Tricyclic antidepressants and headaches: Systematic review and meta-analysis

Jeffrey L. Jackson, William Shimeall, Laura Sessums, Kent J. DeZee, Dorothy Becher, Margretta Diemer, Elizabeth Berbano, Patrick G. O'Malley

Research output: Contribution to journalReview articlepeer-review

148 Scopus citations

Abstract

Objective: To evaluate the efficacy and relative adverse effects of tricyclic antidepressants in the treatment of migraine, tension-type, and mixed headaches. Design: Meta-analysis. Data sources: Medline, Embase, the Cochrane Trials Registry, and PsycLIT. Studies reviewed: Randomised trials of adults receiving tricyclics as only treatment for a minimum of four weeks. Data extraction: Frequency of headaches (number of headache attacks for migraine and number of days with headache for tension-type headaches), intensity of headache, and headache index. Results: 37 studies met the inclusion criteria. Tricyclics significantly reduced the number of days with tension-type headache and number of headache attacks from migraine than placebo (average standardised mean difference -1.29, 95% confidence interval -2.18 to -0.39 and -0.70, -0.93 to -0.48) but not compared with selective serotonin reuptake inhibitors (-0.80, -2.63 to 0.02 and -0.20, -0.60 to 0.19). The effect of tricyclics increased with longer duration of treatment (β=-0.11, 95% confidence interval -0.63 to -0.15; P<0.0005). Tricyclics were also more likely to reduce the intensity of headaches by at least 50% than either placebo (tension-type: relative risk 1.41, 95% confidence interval 1.02 to 1.89; migraine: 1.80, 1.24 to 2.62) or selective serotonin reuptake inhibitors (1.73, 1.34 to 2.22 and 1.72, 1.15 to 2.55). Tricyclics were more likely to cause adverse effects than placebo (1.53, 95% confidence interval 1.11 to 2.12) and selective serotonin reuptake inhibitors (2.22, 1.52 to 3.32), including dry mouth (P<0.0005 for both), drowsiness (P<0.0005 for both), and weight gain (P<0.001 for both), but did not increase dropout rates (placebo: 1.22, 0.83 to 1.80, selective serotonin reuptake inhibitors: 1.16, 0.81 to 2.97). Conclusions: Tricyclic antidepressants are effective in preventing migraine and tension-type headaches and are more effective than selective serotonin reuptake inhibitors, although with greater adverse effects. The effectiveness of tricyclics seems to increase over time.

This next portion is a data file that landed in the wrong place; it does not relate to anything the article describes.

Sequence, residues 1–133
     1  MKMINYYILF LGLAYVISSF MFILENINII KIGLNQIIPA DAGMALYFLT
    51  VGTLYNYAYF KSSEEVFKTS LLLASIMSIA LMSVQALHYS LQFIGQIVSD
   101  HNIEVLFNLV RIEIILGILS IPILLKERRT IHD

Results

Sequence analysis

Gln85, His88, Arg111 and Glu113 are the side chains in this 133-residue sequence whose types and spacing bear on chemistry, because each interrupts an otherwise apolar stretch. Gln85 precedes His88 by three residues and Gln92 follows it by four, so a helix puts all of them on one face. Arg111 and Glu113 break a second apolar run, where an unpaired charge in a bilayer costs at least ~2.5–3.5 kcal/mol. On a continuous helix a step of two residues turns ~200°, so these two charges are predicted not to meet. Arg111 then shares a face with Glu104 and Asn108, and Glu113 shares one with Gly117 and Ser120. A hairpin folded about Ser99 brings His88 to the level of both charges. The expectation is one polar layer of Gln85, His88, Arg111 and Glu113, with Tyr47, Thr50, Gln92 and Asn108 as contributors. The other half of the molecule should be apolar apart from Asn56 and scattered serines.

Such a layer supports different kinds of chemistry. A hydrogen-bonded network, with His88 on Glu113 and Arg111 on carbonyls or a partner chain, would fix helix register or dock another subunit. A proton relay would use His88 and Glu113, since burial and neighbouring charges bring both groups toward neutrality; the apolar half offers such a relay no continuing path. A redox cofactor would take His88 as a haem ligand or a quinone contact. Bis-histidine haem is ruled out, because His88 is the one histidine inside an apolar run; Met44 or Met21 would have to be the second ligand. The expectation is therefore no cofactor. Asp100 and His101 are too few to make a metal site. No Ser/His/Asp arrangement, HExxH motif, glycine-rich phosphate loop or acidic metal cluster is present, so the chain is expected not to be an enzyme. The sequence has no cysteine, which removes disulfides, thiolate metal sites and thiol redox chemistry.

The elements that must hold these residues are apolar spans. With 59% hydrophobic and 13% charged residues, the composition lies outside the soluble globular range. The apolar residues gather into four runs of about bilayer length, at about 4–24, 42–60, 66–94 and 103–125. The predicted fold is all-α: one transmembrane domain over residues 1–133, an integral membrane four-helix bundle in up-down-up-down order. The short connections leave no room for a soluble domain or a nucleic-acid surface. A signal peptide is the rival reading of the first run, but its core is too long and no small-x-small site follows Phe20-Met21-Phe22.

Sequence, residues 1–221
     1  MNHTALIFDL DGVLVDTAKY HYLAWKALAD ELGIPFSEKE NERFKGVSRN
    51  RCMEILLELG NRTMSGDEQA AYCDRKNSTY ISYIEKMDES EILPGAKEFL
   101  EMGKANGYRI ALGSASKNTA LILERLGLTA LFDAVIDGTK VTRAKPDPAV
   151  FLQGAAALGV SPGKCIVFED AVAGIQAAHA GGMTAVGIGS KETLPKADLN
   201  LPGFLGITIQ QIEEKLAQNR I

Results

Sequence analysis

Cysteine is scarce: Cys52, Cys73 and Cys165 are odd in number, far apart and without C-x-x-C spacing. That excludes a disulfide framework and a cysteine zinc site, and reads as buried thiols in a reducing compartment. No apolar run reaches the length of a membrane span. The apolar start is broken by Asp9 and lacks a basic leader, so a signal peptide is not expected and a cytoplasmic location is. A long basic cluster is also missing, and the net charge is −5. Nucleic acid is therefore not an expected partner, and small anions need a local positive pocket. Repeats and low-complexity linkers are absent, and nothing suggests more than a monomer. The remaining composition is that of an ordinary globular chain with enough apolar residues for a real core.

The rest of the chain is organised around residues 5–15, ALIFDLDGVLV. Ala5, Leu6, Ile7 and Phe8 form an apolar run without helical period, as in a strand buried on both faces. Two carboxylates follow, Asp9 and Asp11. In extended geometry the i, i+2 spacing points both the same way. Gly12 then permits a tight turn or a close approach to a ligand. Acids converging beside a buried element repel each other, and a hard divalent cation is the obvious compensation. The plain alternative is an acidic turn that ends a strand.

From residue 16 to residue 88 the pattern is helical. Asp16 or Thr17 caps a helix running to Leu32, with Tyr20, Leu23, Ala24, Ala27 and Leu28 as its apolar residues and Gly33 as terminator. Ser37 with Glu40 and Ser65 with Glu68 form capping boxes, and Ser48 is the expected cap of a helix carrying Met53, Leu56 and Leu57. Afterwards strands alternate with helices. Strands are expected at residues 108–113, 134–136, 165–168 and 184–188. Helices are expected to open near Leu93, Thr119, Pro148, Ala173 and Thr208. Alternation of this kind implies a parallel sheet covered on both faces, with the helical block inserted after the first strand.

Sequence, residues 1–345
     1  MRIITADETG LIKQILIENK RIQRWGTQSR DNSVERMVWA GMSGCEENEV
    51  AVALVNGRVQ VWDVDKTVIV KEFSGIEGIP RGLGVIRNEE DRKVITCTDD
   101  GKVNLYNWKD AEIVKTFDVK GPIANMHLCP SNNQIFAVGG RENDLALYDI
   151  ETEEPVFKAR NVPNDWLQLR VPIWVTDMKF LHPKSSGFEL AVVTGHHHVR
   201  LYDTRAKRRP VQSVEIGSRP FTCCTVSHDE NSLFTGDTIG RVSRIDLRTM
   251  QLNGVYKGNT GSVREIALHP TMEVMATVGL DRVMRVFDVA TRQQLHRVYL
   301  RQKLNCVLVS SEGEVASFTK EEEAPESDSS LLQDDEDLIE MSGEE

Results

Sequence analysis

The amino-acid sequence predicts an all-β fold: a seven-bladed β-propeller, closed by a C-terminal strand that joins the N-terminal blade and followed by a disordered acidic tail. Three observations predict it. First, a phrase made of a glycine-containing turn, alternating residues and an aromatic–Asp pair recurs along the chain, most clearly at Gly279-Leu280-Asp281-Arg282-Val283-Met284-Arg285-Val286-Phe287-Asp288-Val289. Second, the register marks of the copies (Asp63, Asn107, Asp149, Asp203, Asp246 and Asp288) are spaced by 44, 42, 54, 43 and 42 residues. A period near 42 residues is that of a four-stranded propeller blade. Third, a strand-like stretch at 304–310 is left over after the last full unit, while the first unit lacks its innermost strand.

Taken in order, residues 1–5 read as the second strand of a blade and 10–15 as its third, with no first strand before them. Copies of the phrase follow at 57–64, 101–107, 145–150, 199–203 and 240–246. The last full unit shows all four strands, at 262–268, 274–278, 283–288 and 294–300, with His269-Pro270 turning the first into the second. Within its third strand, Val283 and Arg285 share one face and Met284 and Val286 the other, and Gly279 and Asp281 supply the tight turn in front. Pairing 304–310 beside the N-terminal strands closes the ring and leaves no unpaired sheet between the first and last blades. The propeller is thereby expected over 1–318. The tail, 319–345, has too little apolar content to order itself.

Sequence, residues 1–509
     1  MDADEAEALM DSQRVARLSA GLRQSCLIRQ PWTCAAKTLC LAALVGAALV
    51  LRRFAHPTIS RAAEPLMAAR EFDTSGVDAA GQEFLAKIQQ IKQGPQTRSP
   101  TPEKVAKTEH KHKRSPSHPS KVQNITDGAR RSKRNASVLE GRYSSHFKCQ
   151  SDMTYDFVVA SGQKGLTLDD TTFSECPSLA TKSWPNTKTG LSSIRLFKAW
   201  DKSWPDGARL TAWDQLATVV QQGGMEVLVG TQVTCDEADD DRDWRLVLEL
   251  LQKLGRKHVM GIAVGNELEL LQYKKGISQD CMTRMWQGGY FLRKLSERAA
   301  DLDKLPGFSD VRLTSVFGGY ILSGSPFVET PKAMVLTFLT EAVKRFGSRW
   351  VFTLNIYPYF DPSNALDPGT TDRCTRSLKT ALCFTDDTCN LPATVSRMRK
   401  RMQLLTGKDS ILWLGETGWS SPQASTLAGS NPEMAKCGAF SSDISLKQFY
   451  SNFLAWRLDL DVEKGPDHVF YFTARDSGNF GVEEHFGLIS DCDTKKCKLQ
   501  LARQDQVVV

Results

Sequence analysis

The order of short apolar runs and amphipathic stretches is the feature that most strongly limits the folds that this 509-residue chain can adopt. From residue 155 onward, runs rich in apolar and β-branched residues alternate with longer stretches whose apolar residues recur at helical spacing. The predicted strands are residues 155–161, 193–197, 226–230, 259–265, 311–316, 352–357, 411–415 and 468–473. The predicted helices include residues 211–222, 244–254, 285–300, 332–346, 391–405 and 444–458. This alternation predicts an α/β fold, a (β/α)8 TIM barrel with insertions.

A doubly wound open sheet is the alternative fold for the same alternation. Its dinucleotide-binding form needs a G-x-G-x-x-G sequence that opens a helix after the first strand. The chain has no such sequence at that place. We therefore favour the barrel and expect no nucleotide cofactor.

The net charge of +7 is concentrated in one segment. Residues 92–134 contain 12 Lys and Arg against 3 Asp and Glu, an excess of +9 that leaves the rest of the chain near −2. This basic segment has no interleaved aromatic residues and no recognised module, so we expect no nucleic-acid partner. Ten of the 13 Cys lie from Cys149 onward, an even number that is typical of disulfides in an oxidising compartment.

Original languageEnglish
Article numberc5222
Pages (from-to)869
Number of pages1
JournalBMJ (Online)
Volume341
Issue number7778
DOIs
StatePublished - 23 Oct 2010
Externally publishedYes

Fingerprint

Dive into the research topics of 'Tricyclic antidepressants and headaches: Systematic review and meta-analysis'. Together they form a unique fingerprint.

Cite this